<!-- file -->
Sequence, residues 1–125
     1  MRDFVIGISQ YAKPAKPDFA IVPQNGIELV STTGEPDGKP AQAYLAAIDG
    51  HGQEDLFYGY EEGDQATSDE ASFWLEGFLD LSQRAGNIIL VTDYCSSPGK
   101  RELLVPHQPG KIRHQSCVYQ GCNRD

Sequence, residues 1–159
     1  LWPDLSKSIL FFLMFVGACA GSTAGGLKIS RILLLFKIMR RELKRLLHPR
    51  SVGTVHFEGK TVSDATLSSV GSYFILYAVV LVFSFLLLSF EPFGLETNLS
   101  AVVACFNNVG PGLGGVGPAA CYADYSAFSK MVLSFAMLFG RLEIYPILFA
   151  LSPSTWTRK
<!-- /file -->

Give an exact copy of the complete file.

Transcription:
Sequence, residues 1–125
     1  MRDFVIGISQ YAKPAKPDFA IVPQNGIELV STTGEPDGKP AQAYLAAIDG
    51  HGQEDLFYGY EEGDQATSDE ASFWLEGFLD LSQRAGNIIL VTDYCSSPGK
   101  RELLVPHQPG KIRHQSCVYQ GCNRD

Sequence, residues 1–159
     1  LWPDLSKSIL FFLMFVGACA GSTAGGLKIS RILLLFKIMR RELKRLLHPR
    51  SVGTVHFEGK TVSDATLSSV GSYFILYAVV LVFSFLLLSF EPFGLETNLS
   101  AVVACFNNVG PGLGGVGPAA CYADYSAFSK MVLSFAMLFG RLEIYPILFA
   151  LSPSTWTRK